from the PopCult mail room,
as chosen by Zippy McDuff, The Invisible Intern.
us your own
(Please tell us whether to include your e-mail address.)
IT ADDS HALF THE LIFE
would seem the fine folks at Coca-Cola took your latest Bottom Five listing
(Low-Carb Food Products
From Hell!) as a personal challenge, for they have come out with an
offering that, with all due respect, leaves the items you mentioned choking
in the dust.
I'm talking about "C2": a beverage that has all the taste of Coca-Cola
with...HALF THE CARBS!
soda doesn't have a lot of wheat or starch in it, so you gotta figure
that all the carbs come from sugar. Heck, Coca Cola already has a low
carb version of their drink out. It's called "Diet Coke", and, unlike
C2why does that name make me think of a killer android that is reprogrammed
to help the good side?which is 50 percent less carb infested than
regular Coca-Cola...Diet Coke has a bajillion percent less carbs than
regular Coke, since it has none at all.
see that the home page of Yahoo.com features TWO banner ads for the amazingly
refreshing, yet low carb C2; one of which sports the phrase; "Watch the
Video." Oooo, a video about corn syrup and carbonated water! Getting "QuickTime
Pro" was money well spent!
Coke learn from the disaster of '82, when they changed their formula to
try and get a leg up on the Michael Jackson-endorsed Pepsi?
dare say that when the low-carb smoke has cleared, and people emerge from
their Atkins diets as plump as ever, any snack food product proudly displaying
the words "low" or "carb" will get roughly the same treatment as a Saddam
Hussein statue did on May 1, 2003.
why I'm standing by Bugles! They're the same today as they were when men
first walked on the moon! (Speaking of which
Remember those chalky
tasting pastry-like sticks that came in sealed foil lined paper during
the Apollo missions? They were vile, but if you ate them while wearing
your space helmet, it made sense.)
up the good work, and don't let the scrapbookers grind you down!
(e-mail address withheld)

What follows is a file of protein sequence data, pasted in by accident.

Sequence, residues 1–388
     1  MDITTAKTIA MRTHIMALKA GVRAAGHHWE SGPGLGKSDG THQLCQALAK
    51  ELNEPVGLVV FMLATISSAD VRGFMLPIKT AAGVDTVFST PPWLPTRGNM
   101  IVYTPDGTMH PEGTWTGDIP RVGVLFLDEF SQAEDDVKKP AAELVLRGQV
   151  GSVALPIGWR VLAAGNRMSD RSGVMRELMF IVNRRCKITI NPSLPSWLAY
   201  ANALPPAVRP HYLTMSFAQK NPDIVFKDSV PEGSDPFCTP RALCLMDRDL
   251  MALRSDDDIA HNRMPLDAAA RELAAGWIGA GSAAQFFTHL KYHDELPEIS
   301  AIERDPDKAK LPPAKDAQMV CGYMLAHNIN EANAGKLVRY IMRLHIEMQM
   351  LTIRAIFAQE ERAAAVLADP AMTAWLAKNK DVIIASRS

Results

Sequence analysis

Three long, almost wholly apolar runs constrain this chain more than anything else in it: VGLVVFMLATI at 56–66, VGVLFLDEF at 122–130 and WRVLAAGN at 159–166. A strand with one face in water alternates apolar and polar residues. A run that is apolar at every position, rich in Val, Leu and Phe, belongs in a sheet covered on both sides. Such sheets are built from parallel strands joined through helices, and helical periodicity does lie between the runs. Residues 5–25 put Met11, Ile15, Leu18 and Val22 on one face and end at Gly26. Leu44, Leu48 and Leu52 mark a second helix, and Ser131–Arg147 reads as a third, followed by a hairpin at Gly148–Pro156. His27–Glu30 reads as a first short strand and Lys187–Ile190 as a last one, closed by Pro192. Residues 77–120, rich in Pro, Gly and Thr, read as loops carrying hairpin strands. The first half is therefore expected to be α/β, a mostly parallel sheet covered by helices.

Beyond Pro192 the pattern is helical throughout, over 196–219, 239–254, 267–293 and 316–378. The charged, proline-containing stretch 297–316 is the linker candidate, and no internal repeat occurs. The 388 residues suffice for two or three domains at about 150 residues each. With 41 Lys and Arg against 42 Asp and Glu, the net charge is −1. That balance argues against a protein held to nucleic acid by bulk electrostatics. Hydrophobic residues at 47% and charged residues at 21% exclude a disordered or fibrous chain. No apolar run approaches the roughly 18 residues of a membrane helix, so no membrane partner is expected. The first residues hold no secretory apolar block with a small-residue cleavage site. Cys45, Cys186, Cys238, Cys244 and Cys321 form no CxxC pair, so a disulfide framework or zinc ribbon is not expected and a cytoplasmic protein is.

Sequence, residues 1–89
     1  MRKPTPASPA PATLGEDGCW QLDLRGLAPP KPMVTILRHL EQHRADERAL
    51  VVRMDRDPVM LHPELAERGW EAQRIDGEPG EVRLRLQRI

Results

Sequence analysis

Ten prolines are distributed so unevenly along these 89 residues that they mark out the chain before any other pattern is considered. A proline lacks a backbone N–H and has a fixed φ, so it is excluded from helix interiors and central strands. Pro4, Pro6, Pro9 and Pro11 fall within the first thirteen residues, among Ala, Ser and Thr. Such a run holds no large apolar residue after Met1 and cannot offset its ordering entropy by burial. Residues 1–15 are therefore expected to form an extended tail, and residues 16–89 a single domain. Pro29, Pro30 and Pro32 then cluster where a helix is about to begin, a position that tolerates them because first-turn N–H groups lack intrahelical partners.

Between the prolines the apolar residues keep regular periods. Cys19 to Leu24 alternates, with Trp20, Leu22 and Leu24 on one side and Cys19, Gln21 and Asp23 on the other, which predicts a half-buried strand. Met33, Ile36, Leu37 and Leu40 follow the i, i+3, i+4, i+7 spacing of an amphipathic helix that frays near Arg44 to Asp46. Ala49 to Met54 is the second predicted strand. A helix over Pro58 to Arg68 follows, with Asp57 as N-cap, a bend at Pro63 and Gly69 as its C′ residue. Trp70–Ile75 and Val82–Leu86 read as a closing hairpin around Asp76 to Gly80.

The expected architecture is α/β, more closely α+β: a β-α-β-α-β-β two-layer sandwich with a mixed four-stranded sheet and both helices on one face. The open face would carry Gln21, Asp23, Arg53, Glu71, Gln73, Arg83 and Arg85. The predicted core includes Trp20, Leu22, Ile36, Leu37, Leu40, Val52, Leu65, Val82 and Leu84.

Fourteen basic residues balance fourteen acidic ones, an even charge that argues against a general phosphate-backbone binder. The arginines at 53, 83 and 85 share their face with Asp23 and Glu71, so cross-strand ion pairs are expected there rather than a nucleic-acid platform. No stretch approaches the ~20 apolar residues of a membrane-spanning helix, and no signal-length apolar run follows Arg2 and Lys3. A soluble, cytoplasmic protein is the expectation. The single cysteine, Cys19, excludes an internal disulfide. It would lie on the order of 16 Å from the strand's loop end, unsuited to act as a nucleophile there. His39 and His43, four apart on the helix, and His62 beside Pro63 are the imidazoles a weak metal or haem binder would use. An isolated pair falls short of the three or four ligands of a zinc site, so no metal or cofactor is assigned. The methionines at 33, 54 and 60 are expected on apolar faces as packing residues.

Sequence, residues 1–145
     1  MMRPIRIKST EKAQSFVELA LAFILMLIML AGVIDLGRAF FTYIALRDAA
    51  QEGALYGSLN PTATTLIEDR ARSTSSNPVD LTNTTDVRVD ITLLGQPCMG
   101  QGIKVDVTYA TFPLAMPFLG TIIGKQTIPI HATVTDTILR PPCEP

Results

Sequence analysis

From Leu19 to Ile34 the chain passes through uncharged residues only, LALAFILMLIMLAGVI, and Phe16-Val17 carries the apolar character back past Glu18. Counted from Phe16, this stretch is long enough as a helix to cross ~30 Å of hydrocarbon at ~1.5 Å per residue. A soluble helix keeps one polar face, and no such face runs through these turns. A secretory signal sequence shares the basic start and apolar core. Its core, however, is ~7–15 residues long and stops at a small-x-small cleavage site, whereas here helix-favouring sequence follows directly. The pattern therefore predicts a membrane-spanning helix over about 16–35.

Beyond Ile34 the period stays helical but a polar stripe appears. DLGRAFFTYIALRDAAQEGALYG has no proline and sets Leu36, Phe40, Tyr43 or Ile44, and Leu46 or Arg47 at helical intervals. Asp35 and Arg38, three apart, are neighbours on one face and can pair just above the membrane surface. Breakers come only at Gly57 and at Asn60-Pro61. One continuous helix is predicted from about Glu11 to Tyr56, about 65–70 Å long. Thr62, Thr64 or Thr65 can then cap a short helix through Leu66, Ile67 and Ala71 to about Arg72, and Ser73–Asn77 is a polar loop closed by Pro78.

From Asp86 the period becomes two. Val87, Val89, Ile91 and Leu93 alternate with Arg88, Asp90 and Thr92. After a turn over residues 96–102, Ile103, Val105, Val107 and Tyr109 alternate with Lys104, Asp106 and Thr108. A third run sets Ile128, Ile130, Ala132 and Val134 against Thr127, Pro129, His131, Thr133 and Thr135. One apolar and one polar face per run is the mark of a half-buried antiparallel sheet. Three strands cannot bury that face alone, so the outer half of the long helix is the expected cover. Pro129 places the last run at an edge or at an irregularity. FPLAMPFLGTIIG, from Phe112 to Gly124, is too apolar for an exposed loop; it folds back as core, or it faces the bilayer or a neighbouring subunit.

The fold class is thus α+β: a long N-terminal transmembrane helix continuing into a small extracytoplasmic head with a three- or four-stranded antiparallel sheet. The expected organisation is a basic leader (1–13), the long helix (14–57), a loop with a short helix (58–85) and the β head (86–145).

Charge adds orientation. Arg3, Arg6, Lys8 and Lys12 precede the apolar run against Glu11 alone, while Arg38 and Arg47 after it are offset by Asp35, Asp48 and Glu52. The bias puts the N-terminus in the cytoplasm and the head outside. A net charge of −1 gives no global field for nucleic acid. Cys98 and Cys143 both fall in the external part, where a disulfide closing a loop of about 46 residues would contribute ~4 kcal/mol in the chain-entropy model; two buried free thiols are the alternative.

RUSSIA WITH ALL THAT
name is Sergey Loginov, and Im your 28-year-old ex-colleague from
Russia. This fall, actually in a month, Im going to the States in
order, as its stated in my program, "to pursue graduate study
at the master's level." Im accepted to San Jose State University
and very glad about it. The other week I was searching the Web just to
bookmark some places where theoretically I would like to apply for internship
next summer. Somewhat of a premature activity, you may say, but, well,
why not! I looked through lots of magazine web-sitesfrom monsters
like Time and Newsweek to relatively local things like Midwest
Today. Somewhere in the middle of that search I came upon PopCult.
Ive read your manifesto it was like: "Wow, there are folks
across the Atlantic Ocean who think pretty much like me about all those
magazine things." That was a kind of a relief! Here I must digress,
and shed some light on myself (gee, what a phrase!). In 2001-2003, I edited
an arts-and-entertainment city magazine in Yaroslavl. What is Yaroslavl?
Its an ancient city (founded in 1010) 200 miles northeast off Moscow
with the population of about 600,000 people. We were the first color quality
mag in the history of Yaroslavl. Can you believe it? While the publishers
didnt quite know what they really wanted, except for $$$$ of course,
we (meaning me and a really small group of people: layout and design guy,
two associate editors and three enthusiastic contributors) managed to
do things we really liked: wrote about movies, music, books, hype folks
from our town and what not.
2002 I took part in the Business for Russia program sponsored by the U.S.
State Dept. and visited Cleveland where I interned in two city magazinesboth
affluent, upper middle class oriented and all that kind of thing. Good
The magic of "but"! During my one-month
stay in Cleveland I looked through dozens of U.S. city magazinesCleveland
Magazine, Columbus Magazine, Cincinnati Magazine, Chicago Magazine, Philadelphia
Magazine, Texas Monthly
What surprised me (or maybe I should
say astonish) was that most of them looked alikethat is, hardly
distinguishable from advertising catalogues. Same topics on covers everywhere:
spas and salons, top dentists, top lawyers, rating suburbs
in Cleveland Magazine and Northern Ohio LiveI saw
their very first issues of 1970s and 1980s
much, much different
from what they have become with time. They were really magazines aimed
to enlighten the audience, to be its trustworthy friend, a reliable source
of information, not mostly a means to promote some products or services.
And this tricky thing called advertorial
Before that internship
I remember also checking some American magazines sites just looking
for something interesting. I found The Spook Magazine, The Gadfly
they dont exist anymore. Is it a typical story for a
good mag to end up in oblivion, and only mighty oldsters like The New
Yorker can stay afloat?
come to a newsstand and its full of all kinds of magazines and newspapers,